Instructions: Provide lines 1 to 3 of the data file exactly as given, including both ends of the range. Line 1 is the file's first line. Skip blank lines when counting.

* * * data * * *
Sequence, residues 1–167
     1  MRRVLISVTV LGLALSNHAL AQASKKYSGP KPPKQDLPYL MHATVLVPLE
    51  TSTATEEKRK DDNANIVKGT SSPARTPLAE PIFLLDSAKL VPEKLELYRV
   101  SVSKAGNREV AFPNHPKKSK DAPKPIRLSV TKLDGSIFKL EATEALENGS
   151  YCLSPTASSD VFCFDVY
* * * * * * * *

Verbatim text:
Sequence, residues 1–167
     1  MRRVLISVTV LGLALSNHAL AQASKKYSGP KPPKQDLPYL MHATVLVPLE
    51  TSTATEEKRK DDNANIVKGT SSPARTPLAE PIFLLDSAKL VPEKLELYRV